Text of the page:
MIDGARDSBLOT 2019 (Horten, Norway)
August 15-17, 2019
by Jorge Patacas
The fifth edition of Midgardsblot was held last August. This is a festival that has been growing year by year thanks to the constant work of the managers and volunteers. There is an aspect that distinguishes it from the rest of the European summer festivals, which is the concept, since music and history centered on the Viking period coexist perfectly through shows, DJ sets, seminars, guided walks, thematic games, Viking market and all kind of activities related in one way or another with the medieval world. For making this happen, the organization chose the perfect location in the town of Borre, Horten, approximately 90 km away. south of Oslo. There is a large park (182,000 m²) where Borre’s mounds can be found, this area is considered one of the main cultural heritage of the country. It was active between the years 600 and 900, having a leading role in Viking history. A few meters away is the Midgard Viking Center, where you can see interesting exhibits that show different aspects of the history, as well as activities for kids. It is a place that undoubtedly attracts both locals and foreigners who come to these Nordic lands to live an unforgettable experience. Many choose to camp on the site during the days of the event, and there are three areas for it. There’s an area which is exclusive for volunteers, another one for those who choose outfits and tents according to the medieval era, and then there is the general campsite, which is located approximately fifteen minutes away from the festival area, crossing the park with the mounds mentioned above, by the sea. There when it gets cold at night, a bonfire is lit and it becomes the best environment for long talks between people from different parts of the world, in addition to people singing traditional songs such as “Herr Mannelig”, the Swedish ballad that has been covered many times by bands from different genres. Unforgettable memories.
In the same area, during the morning, there is a race of inflatable unicorns in the sea, which is definitely very fun to watch.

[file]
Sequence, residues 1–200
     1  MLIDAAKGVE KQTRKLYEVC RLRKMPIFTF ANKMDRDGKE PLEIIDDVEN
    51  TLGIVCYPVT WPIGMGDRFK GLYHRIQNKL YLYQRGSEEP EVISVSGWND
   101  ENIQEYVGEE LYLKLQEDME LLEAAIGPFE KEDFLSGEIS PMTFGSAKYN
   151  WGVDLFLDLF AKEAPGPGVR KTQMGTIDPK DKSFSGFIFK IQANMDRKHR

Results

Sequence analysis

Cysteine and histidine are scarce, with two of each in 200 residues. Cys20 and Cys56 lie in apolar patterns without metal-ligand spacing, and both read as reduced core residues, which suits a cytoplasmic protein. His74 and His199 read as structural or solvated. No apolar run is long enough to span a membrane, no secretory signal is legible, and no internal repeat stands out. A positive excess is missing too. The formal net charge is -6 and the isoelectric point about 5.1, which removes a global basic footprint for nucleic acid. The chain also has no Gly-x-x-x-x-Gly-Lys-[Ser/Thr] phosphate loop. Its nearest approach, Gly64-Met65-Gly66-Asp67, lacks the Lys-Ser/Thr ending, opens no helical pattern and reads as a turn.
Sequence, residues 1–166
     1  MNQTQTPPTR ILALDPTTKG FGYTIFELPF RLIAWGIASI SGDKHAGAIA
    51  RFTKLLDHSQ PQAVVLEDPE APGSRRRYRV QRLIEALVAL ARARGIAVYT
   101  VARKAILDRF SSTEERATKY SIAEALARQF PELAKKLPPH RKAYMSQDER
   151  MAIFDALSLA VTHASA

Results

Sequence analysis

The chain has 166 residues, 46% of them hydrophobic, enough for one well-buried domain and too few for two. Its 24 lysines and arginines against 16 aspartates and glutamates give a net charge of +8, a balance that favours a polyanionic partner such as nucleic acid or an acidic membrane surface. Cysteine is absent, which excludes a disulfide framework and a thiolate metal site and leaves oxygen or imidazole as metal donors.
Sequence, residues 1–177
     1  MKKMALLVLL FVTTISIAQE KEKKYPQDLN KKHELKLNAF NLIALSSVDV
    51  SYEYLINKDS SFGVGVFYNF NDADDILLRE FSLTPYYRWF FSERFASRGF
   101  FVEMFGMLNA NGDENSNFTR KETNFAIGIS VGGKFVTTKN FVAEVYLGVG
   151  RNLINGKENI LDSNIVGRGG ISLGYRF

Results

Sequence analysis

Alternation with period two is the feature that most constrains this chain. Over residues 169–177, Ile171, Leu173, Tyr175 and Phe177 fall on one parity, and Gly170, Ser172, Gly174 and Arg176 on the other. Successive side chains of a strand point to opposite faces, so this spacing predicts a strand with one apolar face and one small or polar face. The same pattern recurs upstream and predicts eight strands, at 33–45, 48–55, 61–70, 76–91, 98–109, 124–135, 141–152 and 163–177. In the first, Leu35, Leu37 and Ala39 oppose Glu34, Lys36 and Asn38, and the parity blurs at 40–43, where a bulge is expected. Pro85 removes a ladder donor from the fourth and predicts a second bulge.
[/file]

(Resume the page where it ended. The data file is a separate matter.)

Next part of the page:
But something that is undoubtedly a must see are the seminars held at the aforementioned Midgard Viking Center, presented by Vicky Mikalsen, who is a board member of the festival. These were called Mimir Talks, since Mimir is one of the important figures in Norse mythology, renowned for his knowledge and wisdom. Upon entering the room where the talks were held, we could see an illustration of Mimir created by the French artist David Thièrrèe, who has worked with bands such as Behemoth, Gorgoroth, Enslaved, among others.
Personally, one of the seminars that most aroused my interest was that of the British author Dayal Patterson, who has written for magazines such as Decibel, Terrorizer and Metal Hammer, and now owns the publishing company Cult Never Dies, for which he has released a number of books related to metal with amazing content, including the series dedicated to Black Metal that began with the renowned “Black Metal: Evolution of the Cult”, published in 2013.
In his presentation, Patterson discussed this book, explaining its approach, which is very different from other publications on the genre that focus more on the well-known facts of the early 90’s. Among other aspects, he talked about the importance of tape trading at the time when the genre emerged, long before the Internet was a thing, and this helped the mysticism surrounding the pictures and music, something that it would not have happened in the same way these days where many musicians post even what they had for dinner on social media.
Through Cult Never Dies, Dayal has also published books on different fanzines that were essential in the development of the genre, retrieving interviews originally published at that time. Among his most recent publications are the official biography of Rotting Christ, written together with the band’s vocalist, Sakis Tolis, and another one about the Portuguese act Moonspell.